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The Pentagon is reportedly drawing up plans for a quick Afghanistan withdrawal just in case Trump abruptly orders one
The Defense Department is exploring its options to completely withdraw all U.S. troops deployed in Afghanistan, in the event President Donald Trump abruptly makes the decision, according to NBC News.
The ongoing planning, which was not explicitly directed by the White House, includes procedures for a completely withdrawal of U.S. forces within weeks, current and former officials reportedly said.
The Defense Department's move comes in the wake of Trump's decision to withdraw the majority of U.S. troops in Syria, as Turkish-backed forces embark on a campaign against Kurdish groups near the Syria-Turkey northeast border.
An official described the planning as "prudent," while another official called the recent actions in Syria as a potential "dress rehearsal" for Afghanistan, NBC News reported.
Trump initially recalled roughly two dozen service members in the immediate vicinity of the Turkish excursion into Syria, but later expanded that order to around 1,000 US troops in northern Syria. Defense Secretary Mark Esper on Monday said that an undetermined, small number of U.S. troops could still be stationed in northeast Syria to secure oil fields and prevent ISIS from taking control.
The president has long cited his campaign promise to reduced the U.S. presence in the Middle East, and to limit the country's involvement in "endless wars."
"USA soldiers are not in combat or ceasefire zones," Trump said in a now-deleted tweet on Sunday. "We have secured the Oil. Bringing soldiers home!"
Trump's decision to withdraw U.S. forces caught numerous military officials and lawmakers by surprise, and attracted bipartisan condemnation for what they characterized as an abandonment of U.S. allies and principles. Roughly 11,000 Kurds — who were allied with the U.S. in the region — were killed in the fight against ISIS, and many more were relied upon by the U.S. to evict the extremists from their strongholds.
"This impulsive decision by the president has undone all the gains we've made, thrown the region into further chaos, Iran is licking their chops, and if I'm an ISIS fighter, I've got a second lease on life," Sen. Lindsey Graham said during a Fox News interview on October 7. (On Sunday, in an about-face, Graham told Fox News he is "increasingly optimistic this could turn out very well.")
Former U.S. Central Command commander and retired Army Gen. Joseph Votel also condemned the withdrawal, and reflected on the U.S.'s reliance on the Kurds.
"Without it, President Donald Trump could not have declared the complete defeat of ISIS," Votel wrote of the Kurdish help against ISIS in Syria. Trump has frequently claimed ISIS has been unequivocally defeated.
The U.S. has pulled out 2,000 troops from Afghanistan so far this year, bringing the total number of forces in the country to around 13,000, Task & Purpose reported. Earlier in October, Esper said he was confident the U.S. military could withdraw thousands more troops without adversely affecting operations.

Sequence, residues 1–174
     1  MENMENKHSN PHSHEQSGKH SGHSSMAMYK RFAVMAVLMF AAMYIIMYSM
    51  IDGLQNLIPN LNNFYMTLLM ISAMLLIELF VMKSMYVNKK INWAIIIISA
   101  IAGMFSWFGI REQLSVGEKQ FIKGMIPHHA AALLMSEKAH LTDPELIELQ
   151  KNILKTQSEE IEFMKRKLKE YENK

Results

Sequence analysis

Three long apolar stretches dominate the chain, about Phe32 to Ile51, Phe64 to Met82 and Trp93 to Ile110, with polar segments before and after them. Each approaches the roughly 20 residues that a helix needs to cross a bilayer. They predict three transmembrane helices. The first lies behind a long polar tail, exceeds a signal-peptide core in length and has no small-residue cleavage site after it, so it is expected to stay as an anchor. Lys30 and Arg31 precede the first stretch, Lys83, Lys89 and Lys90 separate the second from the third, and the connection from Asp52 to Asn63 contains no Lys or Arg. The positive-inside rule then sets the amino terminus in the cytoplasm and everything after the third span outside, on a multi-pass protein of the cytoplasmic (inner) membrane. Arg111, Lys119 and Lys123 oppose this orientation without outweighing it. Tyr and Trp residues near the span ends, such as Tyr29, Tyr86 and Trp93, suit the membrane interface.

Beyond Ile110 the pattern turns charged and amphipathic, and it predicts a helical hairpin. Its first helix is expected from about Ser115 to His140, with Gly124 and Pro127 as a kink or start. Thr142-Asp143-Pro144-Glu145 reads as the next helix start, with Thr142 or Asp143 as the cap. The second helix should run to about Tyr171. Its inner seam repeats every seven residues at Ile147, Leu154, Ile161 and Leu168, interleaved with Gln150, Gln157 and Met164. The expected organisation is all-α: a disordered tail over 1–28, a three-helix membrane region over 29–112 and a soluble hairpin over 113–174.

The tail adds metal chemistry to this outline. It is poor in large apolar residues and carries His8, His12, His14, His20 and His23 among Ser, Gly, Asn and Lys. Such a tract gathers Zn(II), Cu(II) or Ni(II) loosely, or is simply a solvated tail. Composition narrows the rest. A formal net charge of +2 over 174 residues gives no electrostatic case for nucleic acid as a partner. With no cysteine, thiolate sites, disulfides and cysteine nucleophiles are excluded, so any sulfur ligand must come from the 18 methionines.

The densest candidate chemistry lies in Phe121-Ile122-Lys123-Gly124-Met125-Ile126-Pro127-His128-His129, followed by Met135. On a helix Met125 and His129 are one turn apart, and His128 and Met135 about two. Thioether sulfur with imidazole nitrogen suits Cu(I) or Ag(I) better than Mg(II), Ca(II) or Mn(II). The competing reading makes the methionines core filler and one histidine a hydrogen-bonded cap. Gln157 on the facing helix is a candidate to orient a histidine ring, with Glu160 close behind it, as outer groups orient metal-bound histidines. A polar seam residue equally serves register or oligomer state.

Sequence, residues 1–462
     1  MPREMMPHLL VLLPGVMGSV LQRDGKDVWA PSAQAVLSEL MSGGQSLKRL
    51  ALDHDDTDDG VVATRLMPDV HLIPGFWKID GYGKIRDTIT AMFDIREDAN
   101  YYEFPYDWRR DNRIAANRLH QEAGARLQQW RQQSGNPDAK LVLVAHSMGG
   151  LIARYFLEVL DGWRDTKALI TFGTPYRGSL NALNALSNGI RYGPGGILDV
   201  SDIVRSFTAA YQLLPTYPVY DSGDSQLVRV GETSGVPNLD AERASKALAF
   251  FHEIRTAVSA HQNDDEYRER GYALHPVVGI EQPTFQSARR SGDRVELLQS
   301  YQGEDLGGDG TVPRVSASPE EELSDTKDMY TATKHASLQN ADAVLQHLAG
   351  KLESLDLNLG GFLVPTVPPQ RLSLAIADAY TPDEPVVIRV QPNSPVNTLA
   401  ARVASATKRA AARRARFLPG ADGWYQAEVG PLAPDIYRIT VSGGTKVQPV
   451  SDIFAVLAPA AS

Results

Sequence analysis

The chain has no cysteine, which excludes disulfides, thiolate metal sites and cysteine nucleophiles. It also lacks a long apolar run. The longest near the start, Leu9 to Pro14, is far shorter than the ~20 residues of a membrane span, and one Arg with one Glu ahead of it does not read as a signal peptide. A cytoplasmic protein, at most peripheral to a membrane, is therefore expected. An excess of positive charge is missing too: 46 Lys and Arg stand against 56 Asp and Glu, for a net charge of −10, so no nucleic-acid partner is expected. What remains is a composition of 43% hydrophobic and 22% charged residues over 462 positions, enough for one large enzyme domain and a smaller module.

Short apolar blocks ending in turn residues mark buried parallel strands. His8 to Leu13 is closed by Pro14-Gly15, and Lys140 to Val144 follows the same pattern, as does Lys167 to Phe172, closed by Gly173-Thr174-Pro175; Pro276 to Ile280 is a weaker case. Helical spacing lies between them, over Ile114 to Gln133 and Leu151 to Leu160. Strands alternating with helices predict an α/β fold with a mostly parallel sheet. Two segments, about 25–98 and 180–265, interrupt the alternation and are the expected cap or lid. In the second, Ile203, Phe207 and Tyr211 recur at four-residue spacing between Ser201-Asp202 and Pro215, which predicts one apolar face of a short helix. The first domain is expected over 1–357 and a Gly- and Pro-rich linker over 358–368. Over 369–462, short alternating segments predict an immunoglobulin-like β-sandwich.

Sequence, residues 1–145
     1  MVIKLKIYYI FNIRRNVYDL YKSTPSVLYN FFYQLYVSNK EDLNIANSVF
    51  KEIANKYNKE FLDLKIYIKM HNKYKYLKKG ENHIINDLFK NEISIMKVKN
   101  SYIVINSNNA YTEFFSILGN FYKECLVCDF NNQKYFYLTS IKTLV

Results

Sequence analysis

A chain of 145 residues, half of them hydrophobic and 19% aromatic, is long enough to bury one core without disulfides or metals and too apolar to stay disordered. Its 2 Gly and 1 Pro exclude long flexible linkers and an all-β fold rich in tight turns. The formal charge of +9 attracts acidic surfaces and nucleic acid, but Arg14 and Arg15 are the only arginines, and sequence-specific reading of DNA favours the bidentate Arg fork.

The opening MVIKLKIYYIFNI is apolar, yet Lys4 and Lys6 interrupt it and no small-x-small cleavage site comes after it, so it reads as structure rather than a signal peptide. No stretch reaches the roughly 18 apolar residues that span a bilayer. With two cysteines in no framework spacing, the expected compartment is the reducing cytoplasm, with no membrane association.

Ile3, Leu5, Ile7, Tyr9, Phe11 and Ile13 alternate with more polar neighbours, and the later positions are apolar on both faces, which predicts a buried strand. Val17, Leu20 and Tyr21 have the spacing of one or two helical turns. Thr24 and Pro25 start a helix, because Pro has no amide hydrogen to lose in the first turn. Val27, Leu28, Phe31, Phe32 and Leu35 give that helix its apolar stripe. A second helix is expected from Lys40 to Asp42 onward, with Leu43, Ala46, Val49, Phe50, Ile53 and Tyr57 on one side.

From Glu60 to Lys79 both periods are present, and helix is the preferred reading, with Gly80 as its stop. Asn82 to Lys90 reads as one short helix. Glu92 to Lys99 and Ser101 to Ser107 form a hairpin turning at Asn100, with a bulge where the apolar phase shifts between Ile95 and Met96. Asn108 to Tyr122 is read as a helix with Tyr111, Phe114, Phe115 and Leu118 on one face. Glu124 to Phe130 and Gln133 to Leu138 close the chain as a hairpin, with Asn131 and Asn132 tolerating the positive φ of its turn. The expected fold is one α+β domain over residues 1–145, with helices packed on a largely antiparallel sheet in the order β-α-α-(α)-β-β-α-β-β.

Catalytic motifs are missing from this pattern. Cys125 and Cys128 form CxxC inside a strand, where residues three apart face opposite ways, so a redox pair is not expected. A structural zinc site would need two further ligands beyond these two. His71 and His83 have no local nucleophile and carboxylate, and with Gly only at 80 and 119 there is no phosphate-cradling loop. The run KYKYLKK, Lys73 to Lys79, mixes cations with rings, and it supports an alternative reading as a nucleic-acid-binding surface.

Esper, who visited Afghanistan on Monday, advised not to compare U.S. policy for Syria with that of Afghanistan.
"Very different situations, very different adversaries if you will, very different level of commitment," he said, according to NBC News. "Very clear policy direction on one.
"All these things should reassure Afghan allies and others they should not misinterpret our actions in the region in the recent week or so in regard to Syria and contrast that with Afghanistan," Esper added.
Read more from Business Insider:
- Trump's plans for pulling out of Syria were embarrassingly disrupted by Iraq, which said the US isn't allowed to redeploy on its soil
- The U.S. military has quietly pulled 2,000 troops out of Afghanistan over the past year without a Taliban peace deal
- Most U.S. troops left in Syria could be moved to Iraq as the Trump administration faces fallout over a possible ISIS resurgence
- The story behind a soldier's act of solidarity with the US allies Trump is leaving behind in Syria
- 7 stirring images of the birthday cruise the US Navy just threw for its 222-year-old warship
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What it was like to liberate the Nazi death camp of Dachau, according to an Army veteran who was there
At age 23 in the spring of 1945, Guy Prestia was in the Army fighting his way across southern Germany when his unit walked into hell on earth — the Nazi death camp at Dachau.
"It was terrible. I never saw anything like those camps," said Prestia, 97, who still lives in his hometown of Ellwood City.
Against a blistering 56 mph wind, an F/A-18F Super Hornet laden with fuel roared off the flight deck of the aircraft carrier Gerald R. Ford and into the brilliant January sky.
Chalk up another step forward for America's newest and most expensive warship.
The Ford has been at sea since Jan. 16, accompanied by Navy test pilots flying a variety of aircraft. They're taking off and landing on the ship's 5 acre flight deck, taking notes and gathering data that will prove valuable for generations of pilots to come.
The Navy calls it aircraft compatibility testing, and the process marks an important new chapter for a first-in-class ship that has seen its share of challenges.
"We're establishing the launch and recovery capabilities for the history of this class, which is pretty amazing," said Capt. J.J. "Yank" Cummings, the Ford's commanding officer. "The crew is extremely proud, and they recognize the historic context of this."